Trevor always establishes the problem immediately (Presenting the Problem), sometimes overtly, top-down (“Without meaning to, Verity had taken her mother’s place”), and sometimes covertly, in accreting details that I think demonstrate what was called “inductive logic” in the sophomore courses where I attended hard and futilely to my intellectual fundament. Two stories below will detail the inductive strategem.
In “On the Zattere,” Verity Unwill (above) is aware she has without meaning to taken her mother’s place, and in the next paragraph her father is also aware she has done this and likes it. They will be seen together at the end, structurally delivering the two-person configuration that Trevor intimates in the opening (Point of View). In “The News from Ireland” Trevor will enter the heads of hero, hero’s sister, hero’s object of affection, hero’s object of affection’s object of affection, hero’s antagonist, hero’s antagonist’s wife, and hero’s antagonist’s children, stopping just short of entering the heads of the hero’s antagonist’s children’s pets, demonstrating how many points of view one may have (infinite) and that, in the domain of what Twain liked to call romantic fiction, returns on multiplying points of view diminish as their numbers grow.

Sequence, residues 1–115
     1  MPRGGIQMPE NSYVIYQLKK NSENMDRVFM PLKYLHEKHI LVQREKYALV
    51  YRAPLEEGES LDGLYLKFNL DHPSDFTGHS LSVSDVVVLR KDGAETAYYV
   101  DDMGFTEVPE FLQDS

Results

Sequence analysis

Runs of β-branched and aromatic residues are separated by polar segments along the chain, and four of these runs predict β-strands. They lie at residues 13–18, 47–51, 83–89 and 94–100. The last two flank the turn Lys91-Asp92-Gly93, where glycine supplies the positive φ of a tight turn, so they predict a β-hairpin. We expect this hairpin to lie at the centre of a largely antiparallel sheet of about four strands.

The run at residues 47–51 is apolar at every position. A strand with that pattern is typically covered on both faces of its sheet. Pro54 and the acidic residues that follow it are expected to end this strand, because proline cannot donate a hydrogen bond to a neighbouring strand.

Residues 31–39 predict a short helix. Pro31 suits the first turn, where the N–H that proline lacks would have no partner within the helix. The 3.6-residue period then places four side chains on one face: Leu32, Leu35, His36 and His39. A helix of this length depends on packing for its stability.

In “Access to the Children” Trevor uses three-fifths of a point of view for the hero (the infamous unreliable narrator, one here two-fifths impaired by booze and denial and the debilitation of divorce and its denial), a narrative restriction that requires Trevor to break a Big Rule (Twain: “There are nineteen rules governing literary art in domain of romantic fiction—some say twenty-two”) to add a late, minor POV for the duration of one observation that delivers information concealed from us by the two-fifths’ impairment of hero. The hero’s wearing a green tweed suit in need of pressing and jangling his keys—seedy and happy-go-lucky at once—is in the opening sentence. In the opening two paragraphs of “Lunch in Winter” Nancy Simpson seems to have been married four times, and we observe her interest in young tennis players and chaps in the Bayou hotel lounge where she likes to stay, as she puts on her face to meet yet another man for lunch, one to whom, we learn in another couple of paragraphs, she was married long ago. We get the idea, inductive logic, that Nancy Simpson may be what they once called promiscuous. Is this term used today? Nancy, it will develop, at a time when she was not married to Simpson but to a fertilizer salesman in Philadelphia, conceived one of her children not with the fertilizer salesman but with the sunken-chested (tubercular) boy whom she found playing the rear half of a vaudeville mule. Are we right? May we say promiscuous? Trevor has Nancy, fully unimpaired, tell us (another Big Rule he likes to break) she believes in Mr. Robin Right, and if she just keeps looking, with all five fifths of her wit, she will find him. Mr. Robin Right, in fact, if she remains courageous, she tells us, “will come bob, bob, bobbing along.” She is one of Trevor’s heroes ruined and saved by indissoluble belief, all the more supportable in his view for that belief’s putative insupportability. She’s the kind he likes, the naughty who will be naughty for those of us afraid to be, like the best naughty vicariousness in his American counterpart Peter Taylor.